BRa.?t.V? ORGANS, 27 stoos, 22 do!!a?- ""?? ? PIANOS, 150 d?'a?. ?atai?ue Free ¡¡iel F. Beatty* WasbicgtOD, New Jersey
A Spelling Rhyme. Evidently the Spelling Bee of last week has given $ fillip to orthoepists, and we have received the fol- Ip 'ving from a correspondent:— (From A Little Flutter by H. Savile dark). You say that you can spell, sir; then be good enough to tell, sir, Ho w you spell me parallel, si* synthesis, and semaphore And p'raps you'I! try ecstatic and syncatesorematic, Humiletic and hepatic, with an extra dozen more. Can you sp3H cryselephantine, periphrastic, and, levantine, Or the simple adamantine and the polysyndeton ? Can you tackle anchylosis, can you spell anadiplosis, Epiphyte, hypotyposis ? If you can, you're getting on. Such little words as grieving, gatlimaufry, and deceiving- Oh, there's really no believing what mistakes you sometimes see; Pycnostyle, paroxysmal, caryatides, and chrismal, Words like these its really dismal when they're misspelt at a Bee. So you'd better learn enclitic—can you conquer analytic?— With toreutic and mephitic, and a penthimim'rali pauae; And thare's prestidigitation, homocereal, cachin- nation— Ob, .t's quite an education to learn authographtc laws. Some large words anatomic have a sound that's rather comic, And for verses palm dromic, would be surely mot absurd: There's the shorter peroneus, and palatopharyngeus, Sterno-cleido-mastoideus, could you choose 8; simpler word ? Hydrostatic, iridescent, aromatic, alkalescent, Euigmatic, evanescent, those are easy words, you see; Manducation, macaronic, percollation, gesponic, Arcuation, Antipbonic—there's a merry spelling Bee!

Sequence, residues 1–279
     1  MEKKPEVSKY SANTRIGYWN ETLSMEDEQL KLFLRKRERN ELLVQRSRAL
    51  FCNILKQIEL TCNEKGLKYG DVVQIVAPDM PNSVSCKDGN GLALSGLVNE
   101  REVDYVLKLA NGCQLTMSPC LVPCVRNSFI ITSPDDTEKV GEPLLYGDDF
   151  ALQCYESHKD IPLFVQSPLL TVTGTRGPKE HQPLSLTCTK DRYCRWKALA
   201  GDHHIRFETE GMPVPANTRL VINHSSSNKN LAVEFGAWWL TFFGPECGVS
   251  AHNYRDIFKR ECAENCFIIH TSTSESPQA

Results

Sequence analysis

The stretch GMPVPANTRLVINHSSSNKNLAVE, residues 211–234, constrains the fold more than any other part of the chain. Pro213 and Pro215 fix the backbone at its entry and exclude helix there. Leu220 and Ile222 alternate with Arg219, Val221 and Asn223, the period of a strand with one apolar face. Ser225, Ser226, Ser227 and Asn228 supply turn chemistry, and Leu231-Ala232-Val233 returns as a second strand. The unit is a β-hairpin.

Highway Robbery at Barry Dock. PR-SONERS BEFORE THE PENARTH MAGISTRATES. William Doyle and WilUam Daley, labourers', hving at Barry Dock, were brought up in custody' before the magistrates at Penarth Police-court on Monday,. charged with robbing an old man named William Knox with violence about midnight on Saturday. Prosecutor said he was an engine-driver, and hav- ing been working late on Saturday was going towards his home along Holton-roa.d when three men pounced upon him. One man struck him on the side of the face and felied him to the ground. Although nearly knocked stupid," be recognised Doyle and Daley, who were standing above him. There was a third man whom he could not ipositively swear to. Tbev put their hands into bis pocket and took his purse containing two batf-sovereigns, 7s in silver, a watch key, and pocket knife. Witness called out for assist- ance, and when he was on the ground two policemen ran up, the prisoners then making off up the bye-lane where the men had dragged him after knocking him down. David PhiIIips, tailor, Holton-road, stated that he beard prosecutor crying out for help, and on goings to the spot saw Daley pulling him into the lane, and Doyle was also near. Witness spoke to Doyle, and! told him to lgt the old man go. They would not do so, however, and continued to keep him on i:be ground. Witness fetched the police. P.O. Skyrme said he heard prosecutor shouting' Police and on going to the spot from whence it cami. found Doyle as if keeping the prosecutor on the ground, Datey standing up near. As soon as they saw witness they made off- and witness followed Doyle and P.O. Evans, who accompanied witness, fol- lowed Daley. Witness caught his man in the lane, 11 and on bringing him back to prosecutor, the latter said, "Tbat one of them." On returning to the upoti where the struggle took place witness saiv blood upon the snow and also the marks of a corduroy trousers as if some person had been kneeling down. Witness subsequently charged both prisoners with the offence. In answer, both prisoners denied any knowledge of the affair. P.O. R. C. Evans corroborated the !ast witness's statement. This witness said be caught Daley after a long chase. P.S. Evans stated that upon Doyle be found a watch key, which was subsequently identified by prosecutor. Prosecutor also identined the prisoners when placed dmong other men. Both prisoners were committed for trial at the next assizes.